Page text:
It's incumbent on IP vendors to deliver higher quality designs that enable a smoother back-end process.
As SoC designers, we are usually insulated from the back-end of the chip design process. We don’t encounter the place and route and timing closure problems that must be resolved by others to turn our front-end logic designs into real chips. Those problems often create challenges that delay our project schedules and prevent us from bringing our chip to market in a timely fashion. To reverse these delays, the industry needs to do a better job of improving the front-end design so it can avoid problems in the back end.
We often develop a floorplan for our SoC design and throw our RTL and net list files over the wall to the back-end integrators who must turn it into real placed gates and macros. Our designs may seem logical, conceptually, but when problems arise in the back end, the common practice is to blame the inadequacy of EDA tools and their users.
As an IP vendor, I say it’s time to stop kicking the EDA dog.
It’s incumbent on IP vendors to deliver higher quality designs that enable a smoother back-end process, and avoid the problems that cause chips to be late to market.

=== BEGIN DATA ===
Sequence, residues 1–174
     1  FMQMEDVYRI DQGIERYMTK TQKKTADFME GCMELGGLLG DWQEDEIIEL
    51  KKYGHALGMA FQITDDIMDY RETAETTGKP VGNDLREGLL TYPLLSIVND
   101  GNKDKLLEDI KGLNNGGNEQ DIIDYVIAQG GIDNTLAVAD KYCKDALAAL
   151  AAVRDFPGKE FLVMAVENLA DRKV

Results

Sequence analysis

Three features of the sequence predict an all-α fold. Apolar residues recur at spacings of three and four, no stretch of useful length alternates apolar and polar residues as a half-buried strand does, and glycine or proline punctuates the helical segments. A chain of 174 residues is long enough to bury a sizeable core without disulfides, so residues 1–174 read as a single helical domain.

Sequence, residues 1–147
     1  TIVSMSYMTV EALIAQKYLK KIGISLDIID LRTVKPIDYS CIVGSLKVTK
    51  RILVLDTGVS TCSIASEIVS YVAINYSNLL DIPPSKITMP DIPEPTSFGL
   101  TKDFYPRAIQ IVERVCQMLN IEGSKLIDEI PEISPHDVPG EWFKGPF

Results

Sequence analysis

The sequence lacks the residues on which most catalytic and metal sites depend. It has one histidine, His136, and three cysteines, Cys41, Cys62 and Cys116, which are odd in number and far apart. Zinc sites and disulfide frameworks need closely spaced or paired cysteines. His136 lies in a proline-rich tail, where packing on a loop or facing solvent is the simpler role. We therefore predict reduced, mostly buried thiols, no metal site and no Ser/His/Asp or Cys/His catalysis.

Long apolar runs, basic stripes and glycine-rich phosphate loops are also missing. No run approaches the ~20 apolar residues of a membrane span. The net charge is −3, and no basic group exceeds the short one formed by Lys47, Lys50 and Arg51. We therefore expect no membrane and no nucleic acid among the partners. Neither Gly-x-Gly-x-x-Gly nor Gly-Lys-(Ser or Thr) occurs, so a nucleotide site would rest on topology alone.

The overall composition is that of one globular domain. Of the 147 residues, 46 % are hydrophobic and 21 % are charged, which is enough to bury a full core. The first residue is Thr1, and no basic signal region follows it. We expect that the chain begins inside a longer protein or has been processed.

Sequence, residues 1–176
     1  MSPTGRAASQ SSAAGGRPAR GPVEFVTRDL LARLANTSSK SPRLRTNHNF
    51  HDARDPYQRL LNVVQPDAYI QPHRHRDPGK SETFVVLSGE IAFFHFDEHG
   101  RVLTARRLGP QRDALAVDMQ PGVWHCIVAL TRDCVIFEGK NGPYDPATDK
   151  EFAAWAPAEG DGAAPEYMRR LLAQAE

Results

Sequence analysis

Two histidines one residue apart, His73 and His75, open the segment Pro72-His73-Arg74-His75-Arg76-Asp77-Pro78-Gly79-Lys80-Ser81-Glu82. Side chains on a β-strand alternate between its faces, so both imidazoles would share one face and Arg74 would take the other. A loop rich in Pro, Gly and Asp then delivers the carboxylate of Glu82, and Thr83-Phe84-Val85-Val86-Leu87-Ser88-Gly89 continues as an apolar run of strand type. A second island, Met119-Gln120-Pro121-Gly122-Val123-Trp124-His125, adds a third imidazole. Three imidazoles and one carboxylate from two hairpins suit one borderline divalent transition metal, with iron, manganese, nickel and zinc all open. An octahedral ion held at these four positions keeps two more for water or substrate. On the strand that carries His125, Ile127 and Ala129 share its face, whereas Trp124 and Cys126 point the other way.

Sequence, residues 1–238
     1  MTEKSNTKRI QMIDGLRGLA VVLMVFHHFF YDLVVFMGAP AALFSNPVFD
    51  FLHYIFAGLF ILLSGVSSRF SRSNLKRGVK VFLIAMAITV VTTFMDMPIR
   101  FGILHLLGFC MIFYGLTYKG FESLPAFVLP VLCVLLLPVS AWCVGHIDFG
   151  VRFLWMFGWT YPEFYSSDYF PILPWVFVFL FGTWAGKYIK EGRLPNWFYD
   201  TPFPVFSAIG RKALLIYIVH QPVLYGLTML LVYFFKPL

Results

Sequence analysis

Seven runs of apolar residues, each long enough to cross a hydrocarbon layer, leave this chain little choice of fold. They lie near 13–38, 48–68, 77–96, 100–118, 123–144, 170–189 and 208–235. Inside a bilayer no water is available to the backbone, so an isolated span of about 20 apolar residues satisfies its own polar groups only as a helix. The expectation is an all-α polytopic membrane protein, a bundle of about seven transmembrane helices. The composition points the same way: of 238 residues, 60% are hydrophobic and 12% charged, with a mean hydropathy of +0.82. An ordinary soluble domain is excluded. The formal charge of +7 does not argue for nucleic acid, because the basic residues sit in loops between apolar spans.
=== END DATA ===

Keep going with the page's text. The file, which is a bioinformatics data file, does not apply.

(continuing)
Front-end and back-end teams sometimes work for different companies, but even those within the same company often don’t work closely together. IP vendors need to be aware of all the struggles that back-end teams encounter when trying to close timing on complex designs.
Physical challenges of SoC design can originate at the start of the project, progess to the early NoC, floorplan stages and produce ramifications in the final stages.
It is obvious to most chip architects that certain IPs should be physically close to each other. This is particularly true for CPUs and memory controllers. But problems for the back-end teams often arise with the less standard elements of SoCs, such as DSPs, image accelerators, dedicated security encryption engines, peripheral devices, camera and display controllers and the like.
When it comes time to place such IP blocks, problems with the floorplan create problems in the top-level interconnect, and it’s up to back end team to fix the problems that originate with the front-end team. For complex designs, this can take numerous iterations over a period of many months.
Because of growing complexity, signals can't cross in one cycle even best-in-class 28nm processes. Back-end times have to insert pipeline stages to achieve timing closure, a process that can last for weeks and months.
Interconnect fabric IP needs to be aware of the physical constraints of the back-end layout. Network-on-chip IP also needs to be physically aware. In addition to highlighting issues before they become physical placement and timing problems, the IP should be able to automatically provide an architecture with appropriate pipelining that completely avoids the common timing closure difficulties that back-end teams usually encounter.
This article was originally published in EE Times.